This blog post is written by our 2021 Summer Fellow from UNH’s Sustainability Institute, Lila Nelson:

This summer, I had the great privilege of working with ReVision Energy. Coming from the Midwest, I had never heard of ReVision until I was searching for a summer job and stumbled across the University of New Hampshire’s Sustainability Institute. Every year they search for students looking to go into the sustainability field to work with several host organizations for a summer fellowship program.

This spring, I applied for their fellowship and landed an interview with ReVision. Preparing for my interview, I scoured the ReVision Energy website and was beyond impressed. Impressed with their informational website, impressed that it was a completely employee-owned company, and impressed that it was a B Corporation – something I had learned about in school, being an Environmental Conservation & Sustainability major.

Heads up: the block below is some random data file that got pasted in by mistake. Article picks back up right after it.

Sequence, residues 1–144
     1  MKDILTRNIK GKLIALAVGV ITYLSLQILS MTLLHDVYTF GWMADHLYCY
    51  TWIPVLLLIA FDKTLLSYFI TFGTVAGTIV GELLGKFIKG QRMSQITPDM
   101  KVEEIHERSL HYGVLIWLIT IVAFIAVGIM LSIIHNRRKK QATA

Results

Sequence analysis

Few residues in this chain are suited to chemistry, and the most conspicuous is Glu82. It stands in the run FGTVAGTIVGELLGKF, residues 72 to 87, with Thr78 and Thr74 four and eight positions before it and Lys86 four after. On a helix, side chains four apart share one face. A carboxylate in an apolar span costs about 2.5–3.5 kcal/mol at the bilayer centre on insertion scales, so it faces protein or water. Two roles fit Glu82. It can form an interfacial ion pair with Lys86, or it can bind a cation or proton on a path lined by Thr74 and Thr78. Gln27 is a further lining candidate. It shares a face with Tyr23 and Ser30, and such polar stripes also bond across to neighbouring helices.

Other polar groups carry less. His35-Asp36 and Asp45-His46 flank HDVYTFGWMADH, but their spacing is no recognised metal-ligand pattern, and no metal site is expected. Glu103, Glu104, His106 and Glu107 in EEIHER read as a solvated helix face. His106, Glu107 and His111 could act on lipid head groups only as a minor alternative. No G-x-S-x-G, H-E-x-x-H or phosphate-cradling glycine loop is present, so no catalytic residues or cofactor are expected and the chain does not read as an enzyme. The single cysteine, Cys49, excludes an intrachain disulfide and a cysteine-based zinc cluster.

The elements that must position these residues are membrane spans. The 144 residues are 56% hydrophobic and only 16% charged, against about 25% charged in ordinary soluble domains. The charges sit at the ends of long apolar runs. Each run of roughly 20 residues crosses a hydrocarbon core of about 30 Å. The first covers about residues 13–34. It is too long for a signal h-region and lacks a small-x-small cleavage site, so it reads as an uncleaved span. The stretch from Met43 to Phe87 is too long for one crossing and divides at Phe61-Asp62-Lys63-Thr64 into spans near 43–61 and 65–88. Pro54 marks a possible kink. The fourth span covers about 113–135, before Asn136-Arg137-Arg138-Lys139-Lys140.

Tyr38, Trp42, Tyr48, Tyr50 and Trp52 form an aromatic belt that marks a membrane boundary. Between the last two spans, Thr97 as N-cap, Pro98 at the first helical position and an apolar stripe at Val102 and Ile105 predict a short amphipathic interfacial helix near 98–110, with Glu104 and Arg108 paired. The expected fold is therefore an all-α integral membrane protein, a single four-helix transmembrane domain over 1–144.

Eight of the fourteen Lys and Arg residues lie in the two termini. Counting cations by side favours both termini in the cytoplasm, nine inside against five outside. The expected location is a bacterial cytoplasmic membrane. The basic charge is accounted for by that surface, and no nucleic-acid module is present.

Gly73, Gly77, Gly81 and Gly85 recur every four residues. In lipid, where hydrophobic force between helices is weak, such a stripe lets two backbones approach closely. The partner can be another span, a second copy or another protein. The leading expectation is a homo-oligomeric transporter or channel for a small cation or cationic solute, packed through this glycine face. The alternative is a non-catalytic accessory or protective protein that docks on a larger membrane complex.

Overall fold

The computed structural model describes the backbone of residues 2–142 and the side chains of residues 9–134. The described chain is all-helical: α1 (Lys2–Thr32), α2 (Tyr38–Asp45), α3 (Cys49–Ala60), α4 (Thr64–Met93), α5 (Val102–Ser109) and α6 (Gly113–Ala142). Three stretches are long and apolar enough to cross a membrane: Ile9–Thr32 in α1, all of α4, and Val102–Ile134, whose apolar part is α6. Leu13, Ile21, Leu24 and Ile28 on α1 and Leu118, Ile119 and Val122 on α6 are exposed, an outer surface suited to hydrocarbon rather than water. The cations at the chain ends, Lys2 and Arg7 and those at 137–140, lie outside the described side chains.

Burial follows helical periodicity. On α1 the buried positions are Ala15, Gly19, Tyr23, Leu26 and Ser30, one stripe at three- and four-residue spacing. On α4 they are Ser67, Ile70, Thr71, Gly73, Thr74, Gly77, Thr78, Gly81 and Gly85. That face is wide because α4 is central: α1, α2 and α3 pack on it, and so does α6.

The fellowship was worded as “Climate Change Education and Lesson Planning” and although I hadn’t considered a future in education, I had always been passionate about teaching others about the climate crisis and advocating for future generations. When I got a call saying I had been selected for the job, I was so excited that I’d get to do something fun and meaningful this summer. My experience has absolutely exceeded expectations. I had a fabulous mentor, Brittany Angelo, and was very fortunate to work with the entire Marketing team at ReVision.

We spent the summer creating lesson plans on exciting topics such as an in-depth description of what solar power is and how it works, the environmental effects of renewable resources versus non-renewable resources, the process of composting, and more. I was pushed to apply my knowledge to a field I had little experience in – education. Working with the Marketing team was especially rewarding, because I was able to view all of this information from a completely different perspective compared to the policy perspective I have been learning at school.

As a rising senior at UNH, I look forward to continuing to expand my knowledge on the climate crisis and helping others learn about it as well. I am also very excited to see these lesson plans taken on the road, in the clean energy-powered tiny education center, and with the help of Sunsquatch. I am so excited to see how these lesson plans may help kids become more passionate and vocal about environmental issues and help sustainability programs in K-12 schools expand.